Existing buildings are responsible for over 40% of the world's total primary energy consumption and account for 24% of world CO2 emissions, according to IEA, which argues that "an impressive amount" of this energy could be saved by applying energy-efficient technologies and practices.

Despite the proven cost-effectiveness of energy-efficiency technologies, their potential remains untapped in the building sector "due to numerous market barriers", states the IEA, based on the results of case studies of the residential sector in France, Germany, the UK, Japan and the US.

The IEA considers energy efficiency as "by far" the most cost-effective way to tackle the three-fold challenge of increasing energy security, reducing costs and contributing to a cleaner environment. While the EU has committed to slashing its energy consumption by 20% by 2020 through improved energy efficiency, its energy-savings plans have so far received much less attention that its 'sister' goals of reducing CO2 and raising the share of renewable energies - also by 20% respectively, by the same date (EurActiv 30/01/08).

The Agency calls for the creation of a real market for energy efficiency, saying the current one is "weak and perceived as too risky". While it congratulates EU moves to create a unified market through standardisation and liberalisation, it warns that market transformation "will not take place without increased involvement from the private sector".

It therefore recommends the set-up of public-private partnerships to help overcome the cost barriers related to energy-efficient building projects and to increase certainty through risk-sharing instruments, thereby boosting large private sector involvement. source

My comment: I don't understand this, really. I mean, what better stimulus to improve the energy efficiency of your house than saving your own money. While this is quire expensive, I see many people doing it here. And we're not exactly rich. But they get credits and insulate. Maybe the problem is not that much administrative as informative as people don't realize they should do it not for some stupid EU initiative, but for themselves!

Green NGO demands nanotech legislation

13 March 2008

Consumers are unknowingly using hundreds of products containing potentially toxic nanomaterials, according to a new report by Friends of the Earth (FoE). The NGO is calling for a moratorium on the commercial release of any new food products until a specific legislative framework regulating nanomaterials as new substances is developed.

According to NanoforumPdf external , a European platform on nanotech, 'nanofood' stands for the use of nanotechnology techniques or tools during the cultivation, production, processing or packaging of the food. Even though some think that atomically modified molecular food could some day be created by using nanomachines, this is not the case today.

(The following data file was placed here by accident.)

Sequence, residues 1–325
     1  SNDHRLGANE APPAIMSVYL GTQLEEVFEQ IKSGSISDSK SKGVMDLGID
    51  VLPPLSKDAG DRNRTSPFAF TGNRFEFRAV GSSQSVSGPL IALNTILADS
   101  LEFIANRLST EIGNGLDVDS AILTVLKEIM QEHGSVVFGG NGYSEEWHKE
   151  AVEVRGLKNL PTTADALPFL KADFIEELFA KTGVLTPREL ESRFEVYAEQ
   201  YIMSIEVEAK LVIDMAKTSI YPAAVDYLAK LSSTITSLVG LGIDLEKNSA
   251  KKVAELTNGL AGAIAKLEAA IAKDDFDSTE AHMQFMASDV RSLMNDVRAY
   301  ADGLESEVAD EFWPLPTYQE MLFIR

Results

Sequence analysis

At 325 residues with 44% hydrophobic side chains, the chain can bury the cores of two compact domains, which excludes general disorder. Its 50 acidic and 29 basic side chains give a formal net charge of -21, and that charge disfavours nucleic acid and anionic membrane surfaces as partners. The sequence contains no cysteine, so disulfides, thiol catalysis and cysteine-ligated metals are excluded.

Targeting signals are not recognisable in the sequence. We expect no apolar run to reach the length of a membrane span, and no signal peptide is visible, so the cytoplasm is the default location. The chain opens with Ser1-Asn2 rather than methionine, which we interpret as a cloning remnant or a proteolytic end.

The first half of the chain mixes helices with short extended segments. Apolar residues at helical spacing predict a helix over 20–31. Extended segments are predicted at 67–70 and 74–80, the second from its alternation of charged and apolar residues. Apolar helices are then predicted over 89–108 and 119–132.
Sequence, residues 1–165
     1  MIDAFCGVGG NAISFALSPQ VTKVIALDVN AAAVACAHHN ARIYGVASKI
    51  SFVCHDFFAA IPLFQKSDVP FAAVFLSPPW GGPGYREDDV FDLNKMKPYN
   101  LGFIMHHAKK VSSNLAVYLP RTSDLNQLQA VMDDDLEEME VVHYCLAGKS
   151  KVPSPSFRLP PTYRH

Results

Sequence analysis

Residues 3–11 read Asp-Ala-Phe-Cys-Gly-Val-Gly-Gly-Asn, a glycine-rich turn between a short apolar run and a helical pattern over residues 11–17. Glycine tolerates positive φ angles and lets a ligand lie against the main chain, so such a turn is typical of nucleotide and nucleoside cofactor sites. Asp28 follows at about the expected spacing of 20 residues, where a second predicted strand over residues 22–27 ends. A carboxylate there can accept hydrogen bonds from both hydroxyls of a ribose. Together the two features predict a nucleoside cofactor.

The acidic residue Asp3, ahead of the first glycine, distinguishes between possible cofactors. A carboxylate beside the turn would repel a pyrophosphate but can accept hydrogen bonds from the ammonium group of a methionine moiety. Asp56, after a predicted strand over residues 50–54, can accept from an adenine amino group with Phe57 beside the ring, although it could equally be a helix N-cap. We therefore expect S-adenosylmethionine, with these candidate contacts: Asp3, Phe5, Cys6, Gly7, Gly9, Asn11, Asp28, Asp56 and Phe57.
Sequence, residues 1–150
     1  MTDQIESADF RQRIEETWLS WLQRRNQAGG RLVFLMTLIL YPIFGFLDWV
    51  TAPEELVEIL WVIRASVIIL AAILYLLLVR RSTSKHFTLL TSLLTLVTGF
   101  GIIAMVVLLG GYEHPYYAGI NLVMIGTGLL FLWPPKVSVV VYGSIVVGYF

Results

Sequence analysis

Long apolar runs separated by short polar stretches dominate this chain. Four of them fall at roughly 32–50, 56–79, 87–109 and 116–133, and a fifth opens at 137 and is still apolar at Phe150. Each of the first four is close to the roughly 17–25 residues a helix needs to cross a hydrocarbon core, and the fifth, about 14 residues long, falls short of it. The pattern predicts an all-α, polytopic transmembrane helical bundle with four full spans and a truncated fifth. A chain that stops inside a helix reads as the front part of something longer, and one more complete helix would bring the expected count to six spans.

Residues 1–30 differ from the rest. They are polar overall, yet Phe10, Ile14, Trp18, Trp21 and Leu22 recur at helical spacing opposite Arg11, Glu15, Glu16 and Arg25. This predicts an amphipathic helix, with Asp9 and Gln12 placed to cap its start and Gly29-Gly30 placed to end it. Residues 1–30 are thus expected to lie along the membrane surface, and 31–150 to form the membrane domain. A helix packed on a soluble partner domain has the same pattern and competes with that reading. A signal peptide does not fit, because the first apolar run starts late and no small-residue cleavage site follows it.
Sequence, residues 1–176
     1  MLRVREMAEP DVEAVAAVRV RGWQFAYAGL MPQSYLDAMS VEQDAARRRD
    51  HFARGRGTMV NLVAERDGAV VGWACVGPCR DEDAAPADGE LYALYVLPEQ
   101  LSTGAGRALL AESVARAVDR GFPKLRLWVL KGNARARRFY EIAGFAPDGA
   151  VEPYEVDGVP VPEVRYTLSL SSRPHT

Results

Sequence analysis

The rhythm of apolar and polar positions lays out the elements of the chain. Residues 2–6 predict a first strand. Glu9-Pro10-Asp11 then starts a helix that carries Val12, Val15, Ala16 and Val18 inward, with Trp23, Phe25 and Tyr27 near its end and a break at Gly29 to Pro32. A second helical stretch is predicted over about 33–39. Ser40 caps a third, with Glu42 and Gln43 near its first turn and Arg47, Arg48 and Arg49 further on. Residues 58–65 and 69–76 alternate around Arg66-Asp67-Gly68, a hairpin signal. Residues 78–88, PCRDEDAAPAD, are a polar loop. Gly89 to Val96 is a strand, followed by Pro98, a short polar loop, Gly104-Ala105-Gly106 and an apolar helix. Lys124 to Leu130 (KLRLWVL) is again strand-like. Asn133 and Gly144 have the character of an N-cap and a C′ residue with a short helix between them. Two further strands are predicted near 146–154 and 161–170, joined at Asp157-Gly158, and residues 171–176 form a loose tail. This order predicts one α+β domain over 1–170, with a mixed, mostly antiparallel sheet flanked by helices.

The aim of researchers is to use this technology to change food processing and enhance the safety and nutritional quality of food. Applications of nanotechnology in the food industry include smart packaging, on-demand preservatives and interactive foods, which would allow consumers to modify the nutritional value, taste and colour of food according to their needs.

Manufactured nanoparticles can already be found in food packaging and other food contact materials, such as storage containers, cutlery and chopping boards. Packaging materials based on nanotechnology can extend the shelf-life of food and drink and improve food safety, thanks to antimicrobial packaging. Future 'smart packaging materials' are expected to absorb oxygen and detect food pathogens and salmonella, as well as to alert consumers of spoiled food.

The environmental NGO argues that it has identified at least 104 food and agricultural products either containing untested and potentially hazardous manufactured nanomaterials, or manufactured using nanotechnology. These products are listed in a reportPdf external released on 11 March 2008. Friends of the Earth believes that the real number of products is much higher "given that many food manufacturers may be unwilling to advertise the nanomaterial content of their products".

The group is calling on European policymakers to adopt comprehensive and precautionary legislation to manage the risks raised by the use of nanotechnology and asks for a "moratorium on the further commercial release of food products, food packaging, food contact materials and agrochemicals that contain manufactured nanomaterials" until the new laws are in place.

The fear is that nanoparticles and materials used in, for example, food contact materials could eventually be transmitted to the actual food ingredients or inhaled and absorbed through the skin by consumers. The behaviour of these materials inside the body is not yet known, which makes the potential health effects impossible to predict. The Commission has asked the European Food Safety Authority (EFSA) to deliver a general opinion on the potential risks of the use of nanotechnologies in the food sector.

"Europeans should not be exposed to potentially toxic materials in their food and food packaging until proper regulations are in place to ensure their safety. Policymakers must stop claiming that existing regulatory frameworks are adequate to deal with the emerging science of nanotechnology and address the gaps in current food safety legislation as soon as possible," said Helen Holder from Friends of the Earth Europe. source

My comment:Mmm, obviously it's not about nanoparticles in the food, but I agree new regulations must be created. Safe or not, they must be regulated. And that cannot happen with current laws. As simple as this.